What of an apple:
Her lips, always red, always open;
Her eyes, always closed
away from the horror that has brought her here
to the land of snow angels,
away from the stepmother of civil war
to where they made the bombs.
What of a boy named Georgi:
His throat, pale and choked.
You sent the huntsman after him
to check his papers.
How would you hold this rejection?
How would you roll it through your teeth,
sluice it through them, let it caress
the yellowed pearls that are left?
He knows that soon it will taste like war again,
like gunpowder, like poisons that he cannot name
because there were no schools to teach him Chemistry
except that classroom of sky,
where the lessons are led by his burning lungs and the peeling boils of his gasping skin.
I suppose to you it only tastes like apple seeds.
Limp bodies are so much harder to carry than guilt.
And so you blame them. You say,
“Why did you not have the decency to get to rigor mortis?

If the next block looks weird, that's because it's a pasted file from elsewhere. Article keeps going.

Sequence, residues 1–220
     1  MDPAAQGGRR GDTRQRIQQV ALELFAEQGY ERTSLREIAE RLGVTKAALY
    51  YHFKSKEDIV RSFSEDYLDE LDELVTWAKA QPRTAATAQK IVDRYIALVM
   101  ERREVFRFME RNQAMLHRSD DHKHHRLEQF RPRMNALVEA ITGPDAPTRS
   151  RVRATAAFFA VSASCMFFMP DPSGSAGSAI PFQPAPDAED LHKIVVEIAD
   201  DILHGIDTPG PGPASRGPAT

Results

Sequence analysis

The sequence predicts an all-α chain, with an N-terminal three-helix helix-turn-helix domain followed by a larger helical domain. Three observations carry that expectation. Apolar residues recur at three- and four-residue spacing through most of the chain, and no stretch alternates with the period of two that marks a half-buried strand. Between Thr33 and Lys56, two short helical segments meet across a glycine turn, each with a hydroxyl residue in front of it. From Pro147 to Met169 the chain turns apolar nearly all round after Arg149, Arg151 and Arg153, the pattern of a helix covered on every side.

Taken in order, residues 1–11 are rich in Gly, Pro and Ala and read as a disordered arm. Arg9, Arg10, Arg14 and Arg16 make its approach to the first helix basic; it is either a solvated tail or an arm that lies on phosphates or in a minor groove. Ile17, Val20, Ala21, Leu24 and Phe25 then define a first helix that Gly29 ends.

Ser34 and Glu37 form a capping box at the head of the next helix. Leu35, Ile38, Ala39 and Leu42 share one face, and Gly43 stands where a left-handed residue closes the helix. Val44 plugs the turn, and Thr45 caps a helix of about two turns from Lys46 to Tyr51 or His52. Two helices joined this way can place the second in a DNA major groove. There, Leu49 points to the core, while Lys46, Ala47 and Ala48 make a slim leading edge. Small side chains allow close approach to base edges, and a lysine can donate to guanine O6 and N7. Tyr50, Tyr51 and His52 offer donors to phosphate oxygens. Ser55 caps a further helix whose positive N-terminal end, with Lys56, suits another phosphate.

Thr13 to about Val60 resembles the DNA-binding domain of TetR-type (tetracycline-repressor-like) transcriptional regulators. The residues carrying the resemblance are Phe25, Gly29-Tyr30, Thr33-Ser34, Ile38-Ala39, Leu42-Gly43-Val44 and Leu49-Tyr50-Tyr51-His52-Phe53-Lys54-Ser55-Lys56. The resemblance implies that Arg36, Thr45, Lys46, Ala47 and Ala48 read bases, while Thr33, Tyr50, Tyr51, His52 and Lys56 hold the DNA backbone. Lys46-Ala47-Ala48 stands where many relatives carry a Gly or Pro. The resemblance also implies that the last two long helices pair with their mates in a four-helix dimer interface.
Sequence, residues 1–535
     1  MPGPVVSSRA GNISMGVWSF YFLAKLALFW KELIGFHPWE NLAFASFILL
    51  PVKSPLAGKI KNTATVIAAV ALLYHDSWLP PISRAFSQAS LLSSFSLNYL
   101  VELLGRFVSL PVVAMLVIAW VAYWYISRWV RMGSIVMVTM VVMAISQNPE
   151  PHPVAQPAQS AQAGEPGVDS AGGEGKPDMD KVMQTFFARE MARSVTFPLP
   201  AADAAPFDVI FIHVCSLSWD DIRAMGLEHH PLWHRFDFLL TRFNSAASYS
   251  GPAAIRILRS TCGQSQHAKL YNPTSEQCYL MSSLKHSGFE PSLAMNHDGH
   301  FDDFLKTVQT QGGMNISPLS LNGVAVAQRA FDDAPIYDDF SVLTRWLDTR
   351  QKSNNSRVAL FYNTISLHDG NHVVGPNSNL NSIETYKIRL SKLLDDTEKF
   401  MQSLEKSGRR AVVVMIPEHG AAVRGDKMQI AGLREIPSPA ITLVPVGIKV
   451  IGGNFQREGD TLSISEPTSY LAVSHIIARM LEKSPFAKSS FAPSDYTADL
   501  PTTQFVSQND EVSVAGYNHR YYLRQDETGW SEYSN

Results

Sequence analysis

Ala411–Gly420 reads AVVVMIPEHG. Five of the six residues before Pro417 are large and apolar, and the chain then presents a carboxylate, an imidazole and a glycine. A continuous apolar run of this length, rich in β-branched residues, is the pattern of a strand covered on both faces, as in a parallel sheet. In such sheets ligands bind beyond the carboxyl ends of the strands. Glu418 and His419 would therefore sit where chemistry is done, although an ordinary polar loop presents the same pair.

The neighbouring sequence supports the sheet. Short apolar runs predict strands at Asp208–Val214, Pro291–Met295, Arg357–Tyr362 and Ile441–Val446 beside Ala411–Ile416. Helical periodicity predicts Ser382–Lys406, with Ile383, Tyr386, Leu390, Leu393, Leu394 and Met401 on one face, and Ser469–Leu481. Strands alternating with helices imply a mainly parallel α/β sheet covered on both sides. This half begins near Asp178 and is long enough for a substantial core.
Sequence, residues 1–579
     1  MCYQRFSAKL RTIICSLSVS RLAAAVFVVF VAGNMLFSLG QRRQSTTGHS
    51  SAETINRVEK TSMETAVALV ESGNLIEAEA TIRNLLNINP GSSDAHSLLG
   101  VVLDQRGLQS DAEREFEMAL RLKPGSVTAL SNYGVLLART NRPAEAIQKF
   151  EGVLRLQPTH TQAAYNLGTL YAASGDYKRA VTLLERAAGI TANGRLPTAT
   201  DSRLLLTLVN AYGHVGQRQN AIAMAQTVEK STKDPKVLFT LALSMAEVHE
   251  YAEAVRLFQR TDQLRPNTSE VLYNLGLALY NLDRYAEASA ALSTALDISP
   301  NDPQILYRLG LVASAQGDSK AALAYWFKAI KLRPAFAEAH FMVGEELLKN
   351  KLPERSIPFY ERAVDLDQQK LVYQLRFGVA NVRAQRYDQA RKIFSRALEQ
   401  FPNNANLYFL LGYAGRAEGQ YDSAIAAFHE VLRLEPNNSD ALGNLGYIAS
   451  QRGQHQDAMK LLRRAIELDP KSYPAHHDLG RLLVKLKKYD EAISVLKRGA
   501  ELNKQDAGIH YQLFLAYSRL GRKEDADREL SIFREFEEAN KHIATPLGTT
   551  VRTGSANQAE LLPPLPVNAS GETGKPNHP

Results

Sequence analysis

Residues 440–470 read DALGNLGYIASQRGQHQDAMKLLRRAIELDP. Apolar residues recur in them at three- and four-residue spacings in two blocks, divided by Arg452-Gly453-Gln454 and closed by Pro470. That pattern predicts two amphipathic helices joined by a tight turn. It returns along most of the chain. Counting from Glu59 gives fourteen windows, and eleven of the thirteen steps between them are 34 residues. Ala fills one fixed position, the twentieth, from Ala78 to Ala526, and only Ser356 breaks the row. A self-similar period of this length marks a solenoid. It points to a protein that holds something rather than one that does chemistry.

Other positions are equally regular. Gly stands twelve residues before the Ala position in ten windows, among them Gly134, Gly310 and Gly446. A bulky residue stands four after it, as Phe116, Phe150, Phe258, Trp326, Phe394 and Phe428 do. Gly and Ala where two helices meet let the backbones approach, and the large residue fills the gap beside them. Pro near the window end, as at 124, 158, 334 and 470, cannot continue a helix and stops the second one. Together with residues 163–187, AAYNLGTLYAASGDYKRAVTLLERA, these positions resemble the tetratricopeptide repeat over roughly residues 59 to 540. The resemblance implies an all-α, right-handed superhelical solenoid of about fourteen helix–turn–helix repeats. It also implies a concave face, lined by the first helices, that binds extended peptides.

Why are you not far away where I do not have to look at you?
You ugly girl, you ugly death.”
And here I thought you were good at looking in mirrors.
But I must be wrong, because you are still gazing at yourself
as you say,
“Send back the children!
Do not pop the seeds from their esophagi.
Do not show mercy.”
Later, you comment to your glass reflection,
“Doesn’t the paleness of death
make them prettier?
They fit better when they are white.”
You bemoan a lack of space,
ignore the connection between the laces you threaded
and the shallowness of their breathing.
Now, you try to feed them apples
forgetting what their redness, their malus has always meant
You hope no princes see their bodies
hope the dwarves do not make their coffins out of glass
hope the Kings do not see your ugliness,
hope that they too are wicked.
Bio: Lynne Sargent is a writer, aerialist, and is currently working on her Ph.D in Applied Philosophy at the University of Waterloo. She has been published in venues such as Strange Horizons, Twisted Moon Magazine, and Wild Musette, and was a 2018 Rhysling and 2018 Aurora Award Nominee. If you want to find out more, reach out to her on Twitter @SamLynneS. This poem is also available in this collection by the poet/author.
About this poem Lynne Sargent says, “ Inspired by this article on refugees in Sweden. The disease reminded me of many types of sleeping illnesses in fairytales, so this references the refugee plight through use of the fairytale “Snow White.”